I’m all too frequently amazed by this; and not in a good way. In this day and age, considering all we know about the importance of cultural fit and the known costs of poor hiring decisions, too many retailers still utilise outdated and ineffective hiring practices, and are still intent on hiring solely for experience and skill without considering attitude. While the first two are important, research has overwhelmingly declared attitude to be the more critical attribute. A leopard can’t chang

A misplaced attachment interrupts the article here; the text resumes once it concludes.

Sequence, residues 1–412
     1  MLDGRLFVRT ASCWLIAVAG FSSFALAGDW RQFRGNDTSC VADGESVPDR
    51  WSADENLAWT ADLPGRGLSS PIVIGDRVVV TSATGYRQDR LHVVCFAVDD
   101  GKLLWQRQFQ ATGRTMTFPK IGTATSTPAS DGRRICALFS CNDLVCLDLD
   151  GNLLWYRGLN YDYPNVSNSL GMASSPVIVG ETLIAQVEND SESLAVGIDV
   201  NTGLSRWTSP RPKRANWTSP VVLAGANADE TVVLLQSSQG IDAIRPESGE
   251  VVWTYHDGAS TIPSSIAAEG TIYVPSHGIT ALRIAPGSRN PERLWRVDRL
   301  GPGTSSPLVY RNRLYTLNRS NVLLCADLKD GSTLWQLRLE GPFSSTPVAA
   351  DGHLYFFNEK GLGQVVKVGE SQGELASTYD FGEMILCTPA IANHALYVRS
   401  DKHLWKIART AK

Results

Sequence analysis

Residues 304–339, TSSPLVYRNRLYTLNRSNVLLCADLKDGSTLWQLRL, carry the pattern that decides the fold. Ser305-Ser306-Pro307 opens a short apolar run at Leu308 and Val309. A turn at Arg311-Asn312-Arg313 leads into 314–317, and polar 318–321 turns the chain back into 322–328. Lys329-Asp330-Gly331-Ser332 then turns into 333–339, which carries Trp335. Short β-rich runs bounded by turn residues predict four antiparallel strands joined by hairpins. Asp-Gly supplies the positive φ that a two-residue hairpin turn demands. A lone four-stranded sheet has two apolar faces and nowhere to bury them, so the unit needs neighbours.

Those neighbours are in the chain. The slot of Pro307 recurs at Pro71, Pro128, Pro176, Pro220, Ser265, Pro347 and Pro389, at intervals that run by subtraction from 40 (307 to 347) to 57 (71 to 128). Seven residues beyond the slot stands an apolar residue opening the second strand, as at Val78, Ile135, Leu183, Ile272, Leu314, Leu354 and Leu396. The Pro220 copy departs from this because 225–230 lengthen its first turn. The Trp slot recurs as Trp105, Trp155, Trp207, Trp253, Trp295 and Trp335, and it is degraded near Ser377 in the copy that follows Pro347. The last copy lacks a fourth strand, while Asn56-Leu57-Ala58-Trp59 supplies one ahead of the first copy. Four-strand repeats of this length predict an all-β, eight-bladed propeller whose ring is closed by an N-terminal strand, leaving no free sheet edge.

ange its spots A person’s attitude is a constant, whereas skills learning is in constant flux. The former you cannot teach, the latter you can, and have to. A person’s attitude, especially in retail, will immediately indicate whether this person will enhance your company culture or diminish it. And if the role is customer-facing, that attitude can make or break the relationship with your customer. A good attitude is as infectious as a good mood and the natural anathema to negativity. Company culture benefits enormously from having these types of people on your team. In fact, your company culture is the very result of having these individuals on your team. And the more you skew toward that great attitude in your ranks, the better the benchmark you will have for future hires. Who wouldn’t want to work in an environment like this? Another advantage in training your teams up is a homogenised knowledge of your brand and processes. There’s less ingrained poor learning to overcome, and if you’re doing it right, your team’s development should be ongoing, keeping all of your teams performing at their best. A numbers game “A cheap approach to hiring that leads to poor hires is one of the worst decisions one could possibly make, given all the possible costs associated with making a bad hire and all the benefits of good hires.” Peter Capelli, Harvard Business Review. Conditions in retail are harsh, so aside from hiring for cultural fit, the importance of ensuring your hiring techniques are right is also about your bottom line. A recent study from UC Berkeley in the US estimates that the associated costs of new recruits can reach as high as 150 per cent of their annual salary. If we then pair this knowledge with research from LeadershipIQ, which shows that of the 46 per cent of new recruits that failed during the first 18 months, 89 per cent of them failed due to attitudinal reasons. Only 11 per cent failed for skills related issues. The other reason to hire for attitude Once upon a time, you had a skill set and you worked in your sector, trudging upward, until someone gave you a gold watch. In a post-GFC economy, with innovation and disruption running rampant, those days are long gone. But instead, we’ve got a lot of professionals with a lot of transferrable skills great attitudes, fresh thinking, enthusiasm and commitment. This is also what’s leading the uptick in contracting work, but as far as hiring full time from other sectors into retail goes, if the attitude is right, it would be foolish not to consider talent from across the way. Asking the right questions If your frontline teams are your customer’s first impression of your organisation, then it stands to reason that your hiring process is also your prospective hire’s first impression of your company. It’s just as important for you to put your best foot forward if you want to attract the best talent. Tell me about yourself, What are your strengths? What are you weaknesses? If you are still asking these three questions, stop immediately. On the surface they might seem like reasonable, self-awareness questions, but trust me, they’re not. Everyone knows how to fudge these answers to appear adequately humble and sufficiently skilled, so they’re not telling you anything. Worse though, if you have a great candidate, you risk turning them off with such pointless questions. Instead, if you ask questions that reveal a person’s true nature, their attitude toward life, you get a far more indicative response as to who they really are. César Melgoza, founder and CEO of Geoscape asks which magazine the person has recently read – he’s interested in knowing how these individuals invest in themselves. Lars Dalgaard, former CEO of SuccessFactors wants to know how human his candidates are by asking, “What did you learn from your mum?” Yasmin Green, head of R&D at Google can tell how people think on their feet by asking how they’d make money from an ice-cream stand in Central Park. A lot of business leaders ask about previous failures and some ask about childhood dreams, so there are all manner of questions you could and should ask to assess your candidates’ attitudes. You can observe them; how they treat others, the security guard, a waiter, the taxi driver are wholly indicative of the sort of person they are. Putting it all together Ideally, your hiring checklist should feature skills, culture fit, beliefs, experience and their ideas. When you have that shortlist of the most qualified applicants, attitude should have the majority stake in your final decision. By hiring for attitude you can gauge a person’s inclination toward learning, resilience, tenacity, perseverance and their ‘fit’ with your current team. You can also gauge the likelihood of bringing about perpetual growth, both for themselves as well as the organisation.